It is important for us to keep hydrated between iftār and suhūr. Our brains depend on proper hydration to function optimally. Brain cells require a delicate balance between water and various elements to operate, and when you lose too much water, that balance is disrupted.
Researchers explored the physiological effects of dehydration. They found:
- – Reduced endurance, increased fatigue, and reduced motivation.
- – Increased confusion and anger.
- – The development of headache. Water deprivation, in addition to impairing concentration and increasing irritability, can serve as a trigger for migraine and also prolong migraine.   
In a study on “Water, Hydration and Health” researchers showed that due to their minerals and natural sugars, some fruits and vegetables effectively hydrate people. Watermelon was amongst the top of the list, thanks to its approximate 90% water content and essential rehydration salts, calcium, magnesium, potassium and sodium. 
Other options that provide your body with enough minerals, salt and electrolytes at the same time include coconut water and water with added Himalayan salt.
“Eating one’s fill, even though it is permissible, has its limits, and anything beyond that is extravagance. That which is permissible of it is that which helps the eater to obey his Lord and its heaviness does not distract him from doing what is enjoined upon him.”
It is common to feel extreme lethargy immediately after eating ifṭār. This is induced by the consumption of a large amount of food that is incapable of being effectively broken down and subsequently absorbed by the body. The system in our bodies responsible for doing this is the lymphatic system. As well as moderating the amount of food we eat, incorporate foods into your diet which assist in transporting nutrients through the lymph system to the organs it needs to get to.
“In both of them are fruit and palm trees and pomegranates.” 
Pomegranates are hot and wet, good for the stomach and strengthen it. The pomegranate softens the stomach and is a nutrient for the body. It also digests quickly and strengthens the organs. 
Pomegranates, beetroots, cherries, cranberries – that is, naturally red foods – break down toxic build-up from congesting food, thin bile for more effective fat digestion, and assist in keeping the lymphatic vessels cleansed. 
Let food be thy medicine and medicine be thy food. — Hippocrates
Your body is smart; if you are craving something it normally means you are lacking in adequate nutrition of some kind. Instead of breaking your fast with what you think you are craving, take a moment to assess what your body is really asking for.
If you are craving fatty fried foods, for example, your body would likely benefit from healthy fats such as avocado and raw nuts like almonds and cashews. Or if you crave sweet food you would likely benefit from naturally high energy foods. Instead of satiating yourself with unhealthy food, eat nutritious meals. You will feel fuller for longer, energised, alert and you will give your body what it needs.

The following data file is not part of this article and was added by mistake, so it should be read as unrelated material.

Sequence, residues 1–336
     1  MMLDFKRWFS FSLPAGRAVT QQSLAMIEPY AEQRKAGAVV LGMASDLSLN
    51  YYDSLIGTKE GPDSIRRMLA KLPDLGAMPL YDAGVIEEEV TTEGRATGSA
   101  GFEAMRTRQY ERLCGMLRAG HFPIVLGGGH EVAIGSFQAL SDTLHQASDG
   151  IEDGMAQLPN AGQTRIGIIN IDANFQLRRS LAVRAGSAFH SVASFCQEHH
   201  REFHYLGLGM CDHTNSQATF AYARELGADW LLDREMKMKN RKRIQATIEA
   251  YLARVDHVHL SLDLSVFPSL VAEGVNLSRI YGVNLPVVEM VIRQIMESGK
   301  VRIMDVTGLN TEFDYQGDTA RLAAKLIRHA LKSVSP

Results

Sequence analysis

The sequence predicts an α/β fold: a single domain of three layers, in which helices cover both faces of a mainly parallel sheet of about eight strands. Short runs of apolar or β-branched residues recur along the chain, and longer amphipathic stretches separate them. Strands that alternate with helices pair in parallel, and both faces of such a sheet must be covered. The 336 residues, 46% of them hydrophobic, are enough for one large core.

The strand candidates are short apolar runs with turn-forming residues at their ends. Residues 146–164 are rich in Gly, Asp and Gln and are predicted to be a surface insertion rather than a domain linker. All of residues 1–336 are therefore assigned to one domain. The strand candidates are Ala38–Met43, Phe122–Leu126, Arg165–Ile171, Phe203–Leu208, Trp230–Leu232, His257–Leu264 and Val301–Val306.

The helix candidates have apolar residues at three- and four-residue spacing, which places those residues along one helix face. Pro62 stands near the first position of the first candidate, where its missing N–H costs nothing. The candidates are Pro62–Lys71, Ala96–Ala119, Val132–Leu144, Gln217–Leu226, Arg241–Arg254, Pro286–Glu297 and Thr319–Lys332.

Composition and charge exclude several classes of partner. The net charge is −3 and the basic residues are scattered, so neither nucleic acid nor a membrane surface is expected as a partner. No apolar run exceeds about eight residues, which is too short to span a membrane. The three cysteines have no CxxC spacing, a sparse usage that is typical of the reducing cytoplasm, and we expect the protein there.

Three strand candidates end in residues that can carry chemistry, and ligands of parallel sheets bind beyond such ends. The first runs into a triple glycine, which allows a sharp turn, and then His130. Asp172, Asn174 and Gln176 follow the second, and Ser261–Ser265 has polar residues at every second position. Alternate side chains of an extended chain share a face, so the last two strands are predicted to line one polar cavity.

Our body is an amānah from Allāh (subḥānahu wa taʿālā). Treat it well and use it to accomplish what we have been created to do:
“And I did not create the jinn and mankind except to worship Me.”
 Ibn Qayyim Al-Jauziyah, Healing with the Medicine of the Prophet (sall Allāhu ʿalayhi wa sallam), tr. Jalal Abual Rub, ed. Abdul Rahman Abdullah (London; Darussalam, 2003) p.12
 Al-Qur’ān, 33:21
 Narrated by Ahmad
 Reported by Muslim (14/3) and Ahmad (6/152)
 Ali et al., “Nutritional and Medicinal Value of Date Fruit” in Dates: Production, Processing, Food, and Medicinal Values ed. A. Manickavasagan, M. Mohamed Essa, E. Sukumar (Florida: CRC Press, 2012) pp. 361-76
 Ibn Qayyim Al-Jauziyah, Healing with the Medicine of the Prophet (sall Allāhu ʿalayhi wa sallam), tr. Jalal Abual Rub, ed. Abdul Rahman Abdullah (London; Darussalam, 2003) p. 256
 Al-Qur’ān, 2:168
 H. H. Mitchell, T. S. Hamilton, F. R. Steggerda, and H. W. Bean, “The Chemical Composition of the Adult Human Body and its Bearing on the Biochemistry of Growth”, The Journal of Biological Chemistry, 1945 p. 630
 Shirreffs SM, Merson SJ, Fraser SM, Archer DT. The effects of fluid restriction on hydration status and subjective feelings in man. Br J Nutr. 2004;91:951–958.
 Blau J. Water deprivation: a new migraine precipitant. Headache. 2005;45:757–759.
 Blau JN, Kell CA, Sperling JM. Water-deprivation headache: a new headache with two variants. Headache. 2004;44:79–83.
 Ibn Qayyim
 Abū Dāwūd and At-Tirmidhi
 Popkin BM, D’Anci KE, Rosenberg IH. Water, Hydration and Health. Nutrition reviews. 2010;68(8):439-458. doi:10.1111/j.1753-4887.2010.00304.x. https://www.ncbi.nlm.nih.gov/pmc/articles/PMC2908954/
 Fatḥ al-Bāri
 Al-Qur’ān, 55:68
 Ibn Qayyim, p. 275.
 Al-Qur’ān, 51:56
Ayshah Syed studied English at Goldsmiths University of London, followed by a Masters in Comparative Literary Studies. During her years at university she became involved in da’wah, volunteering for various Islamic organisations. She has studied Arabic and works as an English-Spanish translator. She recently edited ‘Meadows of the Divine: 40 Prophetic Traditions on the Virtues and Rulings of the Qur’an’ by Sheikh Alomgir Ali, as well as other projects and publications for MRDF. She is currently working as Editor for Islam21c.